Young woman waiting for the phone to ring

When faced with a multiple offer situation, expect the unexpected.  There are no hard and fast rules when it comes to multiple offers in a home sale, and we have seen sellers handle the situation in many different ways. Anything can happen.

A seller may have their agent contact each of the buyer's agents, notify them that they have received multiple offers, and give each buyer until a specified time to submit their highest and best offer.  At that point each buyer has the opportunity to make their offer more attractive by upping the price, and/or changing some of the terms or contingencies. Once the time to submit the revised offer has lapsed, the seller will review the offers and may either accept one of them, or negotiate further.

Alternatively, sellers may decide they do not want to notify any of the buyers that there are multiple offers on their home. They may be concerned with the possibility that some buyers may withdraw their offer if they think they are going to be involved in a bidding war. They may decide to present a counter-offer to one of the buyers to change perhaps the price or some of the terms.  If they don't come together with that buyer, they may move on to the next offer and do the same.  Although you might think that the sellers should be fair to each of the buyers involved and give each a chance to sweeten the deal before making a decision, that doesn't always happen.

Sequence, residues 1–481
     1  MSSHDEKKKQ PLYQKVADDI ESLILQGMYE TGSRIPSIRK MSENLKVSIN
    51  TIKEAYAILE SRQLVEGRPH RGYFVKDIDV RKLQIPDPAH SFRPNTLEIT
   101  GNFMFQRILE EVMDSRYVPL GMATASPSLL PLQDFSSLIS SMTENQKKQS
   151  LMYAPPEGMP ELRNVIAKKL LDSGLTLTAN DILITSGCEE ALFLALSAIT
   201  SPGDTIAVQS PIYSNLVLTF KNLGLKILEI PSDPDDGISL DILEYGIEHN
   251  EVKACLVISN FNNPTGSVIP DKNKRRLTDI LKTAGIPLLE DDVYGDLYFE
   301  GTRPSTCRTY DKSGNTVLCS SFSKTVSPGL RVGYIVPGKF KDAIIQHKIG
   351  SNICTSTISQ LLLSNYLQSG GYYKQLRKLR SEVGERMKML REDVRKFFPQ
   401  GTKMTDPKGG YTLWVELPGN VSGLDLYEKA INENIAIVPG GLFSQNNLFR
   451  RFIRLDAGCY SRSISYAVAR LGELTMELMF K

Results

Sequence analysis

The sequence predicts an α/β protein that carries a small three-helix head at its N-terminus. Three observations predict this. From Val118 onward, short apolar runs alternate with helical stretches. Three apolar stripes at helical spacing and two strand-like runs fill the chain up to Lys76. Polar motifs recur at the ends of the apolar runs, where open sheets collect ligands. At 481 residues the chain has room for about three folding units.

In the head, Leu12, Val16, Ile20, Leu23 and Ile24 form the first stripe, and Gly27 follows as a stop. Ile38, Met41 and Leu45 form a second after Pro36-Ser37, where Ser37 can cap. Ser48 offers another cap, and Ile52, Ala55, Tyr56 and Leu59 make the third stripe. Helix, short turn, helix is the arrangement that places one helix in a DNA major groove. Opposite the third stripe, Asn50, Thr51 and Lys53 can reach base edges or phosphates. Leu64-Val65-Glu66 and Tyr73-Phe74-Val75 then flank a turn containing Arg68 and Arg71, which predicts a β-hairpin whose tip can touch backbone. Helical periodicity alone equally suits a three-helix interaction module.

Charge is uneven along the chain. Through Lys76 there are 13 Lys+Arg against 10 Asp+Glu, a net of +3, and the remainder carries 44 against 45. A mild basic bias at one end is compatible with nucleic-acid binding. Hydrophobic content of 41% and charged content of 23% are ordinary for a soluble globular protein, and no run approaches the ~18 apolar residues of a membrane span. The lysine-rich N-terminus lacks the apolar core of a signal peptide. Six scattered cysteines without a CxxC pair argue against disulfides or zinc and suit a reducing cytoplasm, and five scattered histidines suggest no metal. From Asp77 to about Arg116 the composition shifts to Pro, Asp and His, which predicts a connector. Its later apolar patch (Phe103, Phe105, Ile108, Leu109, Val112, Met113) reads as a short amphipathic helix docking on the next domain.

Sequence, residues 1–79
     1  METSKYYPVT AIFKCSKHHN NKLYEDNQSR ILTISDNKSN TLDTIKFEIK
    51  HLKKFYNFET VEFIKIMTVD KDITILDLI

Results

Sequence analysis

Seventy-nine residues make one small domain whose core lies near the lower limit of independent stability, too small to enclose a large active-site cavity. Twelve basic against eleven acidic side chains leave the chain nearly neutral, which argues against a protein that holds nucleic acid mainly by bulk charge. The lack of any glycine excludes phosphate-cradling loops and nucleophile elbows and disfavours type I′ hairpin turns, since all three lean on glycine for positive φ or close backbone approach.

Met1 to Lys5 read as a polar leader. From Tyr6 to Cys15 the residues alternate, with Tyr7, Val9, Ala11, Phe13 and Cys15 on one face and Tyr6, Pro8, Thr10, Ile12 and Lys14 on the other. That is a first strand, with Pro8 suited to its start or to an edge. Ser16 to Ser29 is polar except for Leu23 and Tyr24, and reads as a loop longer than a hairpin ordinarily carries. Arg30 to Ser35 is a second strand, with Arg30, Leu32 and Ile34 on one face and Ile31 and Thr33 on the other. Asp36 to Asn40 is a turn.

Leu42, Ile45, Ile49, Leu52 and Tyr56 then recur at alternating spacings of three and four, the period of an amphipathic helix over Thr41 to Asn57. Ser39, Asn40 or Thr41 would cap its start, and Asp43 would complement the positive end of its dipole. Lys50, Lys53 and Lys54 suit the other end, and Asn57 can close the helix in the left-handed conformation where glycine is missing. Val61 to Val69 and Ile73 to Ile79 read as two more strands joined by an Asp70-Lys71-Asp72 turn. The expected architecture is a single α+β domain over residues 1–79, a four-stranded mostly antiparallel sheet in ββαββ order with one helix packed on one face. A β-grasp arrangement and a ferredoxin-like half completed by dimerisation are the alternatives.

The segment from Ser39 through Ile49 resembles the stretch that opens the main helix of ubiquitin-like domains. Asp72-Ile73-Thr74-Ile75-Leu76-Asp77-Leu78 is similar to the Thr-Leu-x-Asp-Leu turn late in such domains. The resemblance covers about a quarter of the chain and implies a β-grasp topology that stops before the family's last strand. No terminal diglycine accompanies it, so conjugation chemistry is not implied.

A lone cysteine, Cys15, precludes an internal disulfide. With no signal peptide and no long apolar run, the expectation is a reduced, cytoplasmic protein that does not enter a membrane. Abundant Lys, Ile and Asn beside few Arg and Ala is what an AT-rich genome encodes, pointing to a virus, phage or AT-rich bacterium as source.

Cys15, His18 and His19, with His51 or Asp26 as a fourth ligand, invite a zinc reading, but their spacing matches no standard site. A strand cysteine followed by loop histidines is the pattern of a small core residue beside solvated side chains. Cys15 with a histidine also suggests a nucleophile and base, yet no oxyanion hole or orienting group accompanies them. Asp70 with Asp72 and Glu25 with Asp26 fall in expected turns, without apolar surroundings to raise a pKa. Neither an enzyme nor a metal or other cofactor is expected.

Keep in mind that you will not know the details of the other offers, and most likely will not know anything about the sellers or their motivation to sell.  This information is confidential and the listing agent is obligated to guard their seller client's confidence.  

We've seen sellers who want to negotiate with the first offer they received, because it was the first one. If they come to terms with that first buyer, they don't want to entertain any of the other offers. 

There is also the situation where the seller knows one of the buyers. Perhaps a buyer is the son or daughter of a friend or neighbor or someone the seller knows through their community involvement. In this case there is a good chance the seller is going to negotiate with that buyer.

Some sellers are very attached to their home and want a certain type of buyer to have it. Perhaps they raised their children in the home, and they want the home to go to a nice young family. Sentimental sellers may pass up more money or better terms to sell to buyers who appeal to them.

So what's a buyer to do?  If you are shopping for a home in a 'hot' market where multiple offers are commonplace, our best advice is to come in with your highest and best offer right from the start.  Given the unpredictability of home sellers, this strategy will surely increase your chances of getting the house you want.

Contact us to help you purchase your new Chicago area home.  You need an expert to guide you through the process, give you the advantage of their knowledge and experience, and negotiate on your behalf.